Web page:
Fears over immigration re-entered the list of voters’ top ten concerns in August – an all-too predictable response after weeks of inflammatory scare stories about ‘an invasion of illegal migrants’ arriving along the English Channel coast.
Alarmist coverage in newspapers such as the Sun, Daily Mail and Daily Express encouraged broadcasters to follow suit.
Radio and television crews headed out to sea from Dover to intercept inflatable dinghies and other small craft.
Live reports filming the migrants’ boats – and snatched shouts and answers between reporters and those heading for England – were condemned by several MPs as being dehumanising and tantamount to voyeurism.
The August Issues Index compiled by the pollsters Ipsos Mori (11.8.2020) put ‘immigration/immigrants’ in eighth place (9%) when people were asked, ‘What do you see as the most/other important issues facing Britain today?’
Although well below ‘unemployment’ on 16% and ‘Brexit’ on 30% – and with ‘coronavirus’ way out in front on 75% – the re-entry of this issue to the top ten mentions was a notable change.
Throughout the early months of the pandemic fears about immigration had fallen well down the list and had failed to make the top ten.
Perhaps this shift in people’s anxieties was only to be expected given the blanket news coverage for the impact of Covid.19 and the imposition of lockdown.
Another factor that might well have helped to lessen such fears was the extensive media coverage of the exceptional contribution made by BAME staff in the NHS during the pandemic and their disproportionate loss of life.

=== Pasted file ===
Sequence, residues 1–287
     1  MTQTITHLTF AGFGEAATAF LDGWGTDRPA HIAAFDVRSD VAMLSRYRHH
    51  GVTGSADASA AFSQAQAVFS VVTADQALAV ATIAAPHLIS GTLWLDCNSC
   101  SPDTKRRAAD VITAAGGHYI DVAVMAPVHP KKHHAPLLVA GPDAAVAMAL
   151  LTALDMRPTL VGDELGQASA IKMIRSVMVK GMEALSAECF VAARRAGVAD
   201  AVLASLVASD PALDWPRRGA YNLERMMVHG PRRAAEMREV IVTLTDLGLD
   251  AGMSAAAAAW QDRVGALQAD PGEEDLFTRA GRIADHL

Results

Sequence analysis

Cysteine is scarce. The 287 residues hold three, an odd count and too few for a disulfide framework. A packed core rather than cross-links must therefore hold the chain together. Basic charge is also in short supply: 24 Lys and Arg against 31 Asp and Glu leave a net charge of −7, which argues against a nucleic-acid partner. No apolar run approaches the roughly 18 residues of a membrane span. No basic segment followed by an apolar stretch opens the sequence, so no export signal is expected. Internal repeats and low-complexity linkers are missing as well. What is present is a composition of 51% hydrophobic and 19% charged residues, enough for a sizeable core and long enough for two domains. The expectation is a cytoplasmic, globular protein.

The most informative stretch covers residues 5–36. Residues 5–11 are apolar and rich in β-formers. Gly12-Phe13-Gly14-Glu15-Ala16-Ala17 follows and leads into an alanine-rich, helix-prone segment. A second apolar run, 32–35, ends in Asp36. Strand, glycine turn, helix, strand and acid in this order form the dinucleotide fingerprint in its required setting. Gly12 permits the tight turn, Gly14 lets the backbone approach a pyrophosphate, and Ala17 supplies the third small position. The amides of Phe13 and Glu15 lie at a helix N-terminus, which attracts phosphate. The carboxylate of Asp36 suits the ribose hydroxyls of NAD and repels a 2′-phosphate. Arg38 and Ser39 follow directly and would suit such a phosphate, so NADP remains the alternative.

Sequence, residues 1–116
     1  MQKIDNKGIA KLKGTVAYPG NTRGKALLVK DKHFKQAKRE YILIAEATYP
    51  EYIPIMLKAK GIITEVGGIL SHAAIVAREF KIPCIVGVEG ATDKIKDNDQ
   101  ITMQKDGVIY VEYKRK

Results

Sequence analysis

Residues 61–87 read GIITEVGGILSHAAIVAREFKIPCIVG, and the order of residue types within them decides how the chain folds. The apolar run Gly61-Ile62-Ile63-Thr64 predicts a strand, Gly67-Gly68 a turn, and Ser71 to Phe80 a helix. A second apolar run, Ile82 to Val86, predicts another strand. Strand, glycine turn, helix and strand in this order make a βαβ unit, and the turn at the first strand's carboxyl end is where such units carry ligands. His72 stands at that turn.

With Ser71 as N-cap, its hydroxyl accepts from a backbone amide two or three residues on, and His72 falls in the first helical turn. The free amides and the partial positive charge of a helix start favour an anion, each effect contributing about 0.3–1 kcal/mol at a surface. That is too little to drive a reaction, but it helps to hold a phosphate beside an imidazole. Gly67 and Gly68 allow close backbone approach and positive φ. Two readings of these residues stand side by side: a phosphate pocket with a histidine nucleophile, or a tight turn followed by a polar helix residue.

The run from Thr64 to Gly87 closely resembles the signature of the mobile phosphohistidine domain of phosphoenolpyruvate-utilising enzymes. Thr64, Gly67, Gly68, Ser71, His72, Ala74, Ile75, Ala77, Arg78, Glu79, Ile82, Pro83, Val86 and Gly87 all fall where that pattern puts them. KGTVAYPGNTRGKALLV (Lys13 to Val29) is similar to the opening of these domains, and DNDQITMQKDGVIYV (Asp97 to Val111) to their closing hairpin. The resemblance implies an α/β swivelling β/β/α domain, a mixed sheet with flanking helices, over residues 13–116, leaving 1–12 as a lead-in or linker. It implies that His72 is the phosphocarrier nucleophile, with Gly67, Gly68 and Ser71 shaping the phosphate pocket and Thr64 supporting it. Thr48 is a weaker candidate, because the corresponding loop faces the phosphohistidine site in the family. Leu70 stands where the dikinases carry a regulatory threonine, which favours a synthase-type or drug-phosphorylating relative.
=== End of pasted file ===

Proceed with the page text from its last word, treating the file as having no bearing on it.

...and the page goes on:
While the re-awakening of concerns over ‘immigration/immigrants’ in the August figures – up 3% in a month to 9% – might seem small increase, it should be seen alongside a YouGov survey, also published in August (11.8.2020), which showed that just under half of all adults had ‘not much’ (22%) or ‘no sympathy’ (27%) for migrants crossing the channel from France.
Expressions of sympathy were lower by comparison: ‘a great deal’ (19%) and ‘a fair amount’ (25 per cent).
From the start of lockdown in March there were news reports of a surge in small boats being intercepted in British territorial waters.
Initially newspaper reporting was restrained and factual, reduced to a few paragraphs on inside pages as most press coverage and broadcast output was entirely dominated by the mounting Covid.19 death toll and the repercussions of life being reduced to a standstill.